Has xG gone too far? Why over-analysis has drowned out the detail

Chelsea 1.68 – Liverpool 1.66. Are you not entertained? Were these the numbers you rushed to find having watched the game? Did it tingle your senses to see that Chelsea won the great expected goals (xG) battle? Or was it blindingly obvious that it had been a two-all draw where moments of magic and blunders had branded the game of two high-class opponents?

Expected goals as a concept is not an inherently evil measurement, it is just a simple equation that informs us how many goals a team should score based on the chances they create. Though anyone with even a faint interest in the game can see what a decent chance is.

So what does xG tell us about Caoihmin Kelleher’s performance, that he can’t really be blamed for the second goal? Well yeah, we saw it. People who have eyes and ears as Eamon Dunphy once said, can make up their own minds.

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How the measure is used is the real issue. Letting numbers dictate your perception of the game leads you to eviscerate the individual brilliance of footballers from the collective consciousness. The simple joy of watching Kevin De Bruyne absolutely smash a ball into the roof of the net and into the middle of next Tuesday is what it should be about.

There should be simplicity to the game because after all, it is just that, a game.


The truth is, most facts ruin football. Who gives a damn if your team’s xG is 3.42 but they didn’t win. It becomes a straw man argument that filters down to biased supporters that get parroted online. It is just another facade of uninspired new-age rhetoric when used by spoofers. The soap opera of crisis clubs, transfer waffle, and “holistic” philosophies are taking away from the enjoyment of seeing the world’s greatest athletes strut their stuff.

Do we really appreciate Jamie Vardy’s inventive runs and fishing enough, or the gilded softness of Phil Foden’s dribbling technique? Even the image of Antonio Rudiger haranguing a forward is a sight to behold. These moments are getting drowned in the sea of referee discussions and creating an ever-increasing toxic seabed below.

Every week is now filled with over-spewing VAR usage and a hyper-focus on banal penalty decisions. BT Sport has gone full sadist in this regard. Even our own cogent football man Ken Early has veered into the realm of data-driven spiel of a Monday afternoon. Who really has the time to divulge and number crunch in the age of over information.

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The individual

There is a lack of focus on the techniques of the game, individual brilliance, and moments of creative ingenuity. Take Mo Salah’s goal against Chelsea. Trent Alexander-Arnold had the vision and execution to ping a pinpoint pass which Salah perfectly traps. Salah then uses his cunning wit to bamboozle Marcos Alonso with a swish of the hip before taking the perfect caressed touch to give him a striking opportunity. He gives Edouard Mendy the eyes and opens up his body to indicate he is going to curl it into the far corner but then sharply snaps the ball to his near post as the Chelsea keeper stands there totally duped. Dexterous reflexes and deceitful movements. That is the beautiful game, the game of space, precision, and most of all deception.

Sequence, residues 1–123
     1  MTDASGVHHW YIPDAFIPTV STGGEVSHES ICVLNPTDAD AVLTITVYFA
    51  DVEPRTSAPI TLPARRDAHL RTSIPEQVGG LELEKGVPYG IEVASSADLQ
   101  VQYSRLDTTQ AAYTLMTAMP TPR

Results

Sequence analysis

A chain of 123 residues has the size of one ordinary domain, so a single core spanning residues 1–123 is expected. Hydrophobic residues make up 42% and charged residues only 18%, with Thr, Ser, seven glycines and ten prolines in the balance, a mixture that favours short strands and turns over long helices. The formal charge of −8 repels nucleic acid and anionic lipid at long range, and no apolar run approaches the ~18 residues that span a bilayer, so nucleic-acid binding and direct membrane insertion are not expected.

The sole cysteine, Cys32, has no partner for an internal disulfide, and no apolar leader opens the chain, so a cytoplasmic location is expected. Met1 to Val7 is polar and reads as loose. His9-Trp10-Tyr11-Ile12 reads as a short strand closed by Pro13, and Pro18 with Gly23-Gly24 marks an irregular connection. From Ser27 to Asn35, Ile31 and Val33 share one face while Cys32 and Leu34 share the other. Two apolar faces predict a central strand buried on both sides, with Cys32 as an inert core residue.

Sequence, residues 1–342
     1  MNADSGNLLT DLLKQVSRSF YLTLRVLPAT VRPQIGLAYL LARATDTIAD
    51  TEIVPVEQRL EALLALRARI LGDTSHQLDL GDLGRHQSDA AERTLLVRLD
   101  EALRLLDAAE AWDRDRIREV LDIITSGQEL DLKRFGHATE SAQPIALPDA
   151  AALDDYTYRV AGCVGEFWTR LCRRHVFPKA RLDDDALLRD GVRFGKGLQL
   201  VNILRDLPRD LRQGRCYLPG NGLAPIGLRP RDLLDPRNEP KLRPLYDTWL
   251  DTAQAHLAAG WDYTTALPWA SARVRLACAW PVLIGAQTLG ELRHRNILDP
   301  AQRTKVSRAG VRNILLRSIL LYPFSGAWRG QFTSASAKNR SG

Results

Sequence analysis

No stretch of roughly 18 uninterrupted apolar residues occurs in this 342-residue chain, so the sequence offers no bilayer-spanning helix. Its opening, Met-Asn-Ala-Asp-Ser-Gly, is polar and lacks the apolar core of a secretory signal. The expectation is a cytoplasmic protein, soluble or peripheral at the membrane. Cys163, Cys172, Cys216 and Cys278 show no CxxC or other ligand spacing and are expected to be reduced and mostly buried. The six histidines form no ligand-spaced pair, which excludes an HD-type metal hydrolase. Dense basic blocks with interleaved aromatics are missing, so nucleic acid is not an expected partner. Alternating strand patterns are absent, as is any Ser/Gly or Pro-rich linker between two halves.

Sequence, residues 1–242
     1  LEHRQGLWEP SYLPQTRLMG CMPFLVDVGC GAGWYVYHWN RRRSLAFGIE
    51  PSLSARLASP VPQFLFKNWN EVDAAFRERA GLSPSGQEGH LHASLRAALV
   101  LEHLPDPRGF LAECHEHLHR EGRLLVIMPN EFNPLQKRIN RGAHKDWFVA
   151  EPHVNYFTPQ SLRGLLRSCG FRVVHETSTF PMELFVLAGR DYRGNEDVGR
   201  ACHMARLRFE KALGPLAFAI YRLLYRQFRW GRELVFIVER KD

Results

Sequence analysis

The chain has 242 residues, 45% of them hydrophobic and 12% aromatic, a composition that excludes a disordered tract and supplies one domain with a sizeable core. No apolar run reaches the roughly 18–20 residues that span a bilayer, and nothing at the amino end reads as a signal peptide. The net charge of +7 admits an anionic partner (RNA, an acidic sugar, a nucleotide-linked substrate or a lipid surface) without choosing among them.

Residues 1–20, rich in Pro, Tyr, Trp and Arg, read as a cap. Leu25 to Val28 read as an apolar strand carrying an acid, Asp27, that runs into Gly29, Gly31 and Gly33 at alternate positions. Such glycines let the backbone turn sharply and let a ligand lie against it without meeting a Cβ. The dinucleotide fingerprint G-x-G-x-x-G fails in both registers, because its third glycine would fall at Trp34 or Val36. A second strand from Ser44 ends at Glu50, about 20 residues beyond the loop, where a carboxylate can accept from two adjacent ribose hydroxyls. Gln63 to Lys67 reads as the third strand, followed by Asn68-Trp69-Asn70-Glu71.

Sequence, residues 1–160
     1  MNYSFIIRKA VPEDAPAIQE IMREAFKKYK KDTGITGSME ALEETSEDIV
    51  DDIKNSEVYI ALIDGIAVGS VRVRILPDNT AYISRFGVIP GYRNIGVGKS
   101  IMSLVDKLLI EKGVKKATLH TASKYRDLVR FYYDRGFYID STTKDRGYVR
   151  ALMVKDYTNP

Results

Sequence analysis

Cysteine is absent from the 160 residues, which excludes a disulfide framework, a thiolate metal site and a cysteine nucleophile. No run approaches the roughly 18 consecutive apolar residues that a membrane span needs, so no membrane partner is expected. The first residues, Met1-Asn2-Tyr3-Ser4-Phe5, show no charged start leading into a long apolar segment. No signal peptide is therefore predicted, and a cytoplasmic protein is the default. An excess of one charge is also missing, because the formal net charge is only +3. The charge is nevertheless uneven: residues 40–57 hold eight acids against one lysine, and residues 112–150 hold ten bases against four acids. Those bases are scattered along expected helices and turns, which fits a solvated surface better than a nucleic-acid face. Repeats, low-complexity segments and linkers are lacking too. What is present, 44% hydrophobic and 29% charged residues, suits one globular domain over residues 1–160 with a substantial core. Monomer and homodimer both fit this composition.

Gary Neville’s gives an “Ouhhhh” but back in the studio, all you’ll hear is “that was a fabulous goal” and then the next five minutes will be solely dedicated to a VAR decision or the greatest driver of controversial engagements.

Partridge Graphics

Monday Night Football recently revealed a Pro Evolution Soccer 5 style diamond graphic that was so complex that Jamie Carragher and David Jones failed to accurately interpret it. And it’s not the first case of bogusly convoluted graphics they have used this season. They are trying so hard to innovate that they are forgetting the basics. Whatever people say, Sky Sports does influence how football is discussed, and there is no doubt that Carragher and Neville filter down.

Good analysis requires a balance of opinions and evidence to support the claim. One example of where stats were correctly used was in highlighting the improvement of Spurs running figures under Antonio Conte. It was a clear indication of the immediate effect of the manager. It was of genuine interest to see the contrast between his arrival and Nuno Espirito Santo’s departure. We could all see the improvements and the contrast in running backed up the results on the pitch. These stats though should be an aperitif and not the main course to football analysis. Otherwise, indigestion can occur.

The game evolves of course, and this is not a bad thing, and so how we view the game should move with that. What needs to be kept in mind though is the heart of what makes us love it in the first place, passion, skill, and attitude. Not to mention Kevin De Bruyne thunderbolts, Manuel Lanzini juggling masterpieces, and Nathan Ake’s sprinted goal-line clearance. Appreciate the details, not the digits.

The Author

John McMahon

Sportswriter and self-proclaimed football boot aficionado. John McMahon hails from Co. Laois and covers domestic and European football.

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